Rebecca West sized up Croatia’s capital nicely when she was here in 1937: ‘Zagreb makes from its featureless handsomeness something that pleases like a Schubert song, a delight that begins quietly and never definitely ends. It has the endearing characteristic noticeable in many French towns of remaining a small town when it is in fact quite large.’ Indeed, today, with a population of a million, Zagreb is easily Croatia’s largest and most cosmopolitan city, though the centre is still agreeably manageable on foot.

Zagreb’s heart is a fine, clean example of solid Habsburg architecture, tending towards palatial elegance, and large squares from which to view it – though if you move away from the city centre you’ll find sprawling suburbs and high rises, thrown up to accommodate waves of incoming workers over the past 60 years.

For more than six months of the year Zagreb is a lively outdoor city, with café tables spilling out across the pavements and flowers everywhere. In winter it can be cold and a bit oppressive, with snow on the ground for an average of over 50 days annually and the streets of the lower town seeming too large for their occupants – but with a big university and heaps of bars, clubs and nightlife on offer, the locals certainly know how to have a good time. The city is also particularly strong on classical culture, with regular opera, ballet, theatre and musical performances of international standard.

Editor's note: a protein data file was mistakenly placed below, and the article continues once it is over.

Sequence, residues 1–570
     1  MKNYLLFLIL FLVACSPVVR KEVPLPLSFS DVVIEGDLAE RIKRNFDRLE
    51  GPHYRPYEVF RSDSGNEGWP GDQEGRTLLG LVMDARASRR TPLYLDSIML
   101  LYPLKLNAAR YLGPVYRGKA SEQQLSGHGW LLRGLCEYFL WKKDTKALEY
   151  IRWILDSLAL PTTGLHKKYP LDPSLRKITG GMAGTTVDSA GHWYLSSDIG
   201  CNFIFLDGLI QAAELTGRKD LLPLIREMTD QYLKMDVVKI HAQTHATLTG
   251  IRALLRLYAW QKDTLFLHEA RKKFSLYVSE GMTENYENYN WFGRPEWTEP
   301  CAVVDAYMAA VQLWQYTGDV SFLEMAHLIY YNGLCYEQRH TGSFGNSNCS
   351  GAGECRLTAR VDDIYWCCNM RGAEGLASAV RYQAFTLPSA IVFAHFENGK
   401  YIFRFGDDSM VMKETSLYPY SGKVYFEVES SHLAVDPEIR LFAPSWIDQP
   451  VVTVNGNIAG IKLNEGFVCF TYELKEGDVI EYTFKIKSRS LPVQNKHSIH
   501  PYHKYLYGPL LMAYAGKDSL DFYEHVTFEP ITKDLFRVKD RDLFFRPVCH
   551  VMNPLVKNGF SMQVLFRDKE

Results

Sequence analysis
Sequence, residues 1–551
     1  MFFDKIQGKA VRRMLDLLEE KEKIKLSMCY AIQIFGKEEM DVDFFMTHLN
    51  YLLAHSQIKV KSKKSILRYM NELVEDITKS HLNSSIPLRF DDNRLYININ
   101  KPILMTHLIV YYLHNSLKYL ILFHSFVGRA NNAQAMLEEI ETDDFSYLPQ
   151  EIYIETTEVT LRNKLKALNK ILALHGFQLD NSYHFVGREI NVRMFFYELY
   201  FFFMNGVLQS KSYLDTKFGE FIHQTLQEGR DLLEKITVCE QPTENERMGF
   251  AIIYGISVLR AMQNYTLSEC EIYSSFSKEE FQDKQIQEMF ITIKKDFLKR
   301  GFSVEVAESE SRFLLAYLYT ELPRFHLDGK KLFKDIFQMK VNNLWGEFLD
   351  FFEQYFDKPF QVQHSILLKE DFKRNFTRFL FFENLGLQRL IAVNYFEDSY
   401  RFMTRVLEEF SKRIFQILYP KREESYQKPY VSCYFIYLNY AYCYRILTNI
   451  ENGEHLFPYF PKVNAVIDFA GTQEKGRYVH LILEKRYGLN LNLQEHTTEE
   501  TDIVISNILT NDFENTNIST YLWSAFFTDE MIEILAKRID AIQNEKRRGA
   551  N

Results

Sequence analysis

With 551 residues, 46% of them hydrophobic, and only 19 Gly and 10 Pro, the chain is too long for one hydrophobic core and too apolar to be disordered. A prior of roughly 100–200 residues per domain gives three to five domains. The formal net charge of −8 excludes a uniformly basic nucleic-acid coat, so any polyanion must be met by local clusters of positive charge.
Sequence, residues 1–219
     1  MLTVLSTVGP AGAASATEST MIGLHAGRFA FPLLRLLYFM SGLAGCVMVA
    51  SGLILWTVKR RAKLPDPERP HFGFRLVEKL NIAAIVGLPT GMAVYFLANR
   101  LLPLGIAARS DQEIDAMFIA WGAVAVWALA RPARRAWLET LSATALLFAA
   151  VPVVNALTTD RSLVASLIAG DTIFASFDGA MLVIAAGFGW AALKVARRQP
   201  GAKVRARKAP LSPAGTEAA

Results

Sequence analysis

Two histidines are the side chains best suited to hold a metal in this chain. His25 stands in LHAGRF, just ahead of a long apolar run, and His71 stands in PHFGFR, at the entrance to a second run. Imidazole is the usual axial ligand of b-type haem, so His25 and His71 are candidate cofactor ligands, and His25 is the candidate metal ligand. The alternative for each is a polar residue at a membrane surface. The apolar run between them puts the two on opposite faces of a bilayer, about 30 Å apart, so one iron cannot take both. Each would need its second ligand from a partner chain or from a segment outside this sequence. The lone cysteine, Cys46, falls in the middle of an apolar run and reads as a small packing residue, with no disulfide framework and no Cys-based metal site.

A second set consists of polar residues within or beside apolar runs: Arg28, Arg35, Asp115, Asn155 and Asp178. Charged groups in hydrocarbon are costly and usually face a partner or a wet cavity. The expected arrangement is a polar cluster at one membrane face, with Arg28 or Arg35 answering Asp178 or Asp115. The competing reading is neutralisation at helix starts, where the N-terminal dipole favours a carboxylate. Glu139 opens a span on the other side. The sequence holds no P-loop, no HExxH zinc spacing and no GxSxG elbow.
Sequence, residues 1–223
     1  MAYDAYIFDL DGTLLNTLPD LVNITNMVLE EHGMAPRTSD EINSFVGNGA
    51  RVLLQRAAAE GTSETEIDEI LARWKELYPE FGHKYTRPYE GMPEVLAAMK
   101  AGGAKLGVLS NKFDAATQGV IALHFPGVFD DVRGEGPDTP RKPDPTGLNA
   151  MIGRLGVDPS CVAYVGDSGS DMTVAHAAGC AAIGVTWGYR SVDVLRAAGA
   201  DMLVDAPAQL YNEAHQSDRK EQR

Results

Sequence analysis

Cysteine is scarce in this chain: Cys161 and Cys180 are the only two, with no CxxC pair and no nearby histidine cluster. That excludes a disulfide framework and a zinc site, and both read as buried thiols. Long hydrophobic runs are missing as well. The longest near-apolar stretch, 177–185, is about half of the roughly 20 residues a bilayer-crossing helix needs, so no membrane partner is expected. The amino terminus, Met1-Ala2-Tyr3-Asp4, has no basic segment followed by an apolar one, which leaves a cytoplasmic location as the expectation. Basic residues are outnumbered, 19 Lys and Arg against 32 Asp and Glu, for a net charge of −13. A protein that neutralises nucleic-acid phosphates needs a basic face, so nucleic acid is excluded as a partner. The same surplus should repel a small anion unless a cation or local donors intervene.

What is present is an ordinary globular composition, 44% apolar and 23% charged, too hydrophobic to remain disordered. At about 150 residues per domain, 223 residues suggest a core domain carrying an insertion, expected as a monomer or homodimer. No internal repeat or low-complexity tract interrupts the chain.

As the capital, Zagreb is well served by both international and domestic transport routes, and has an international airport, as well as major rail and bus terminals.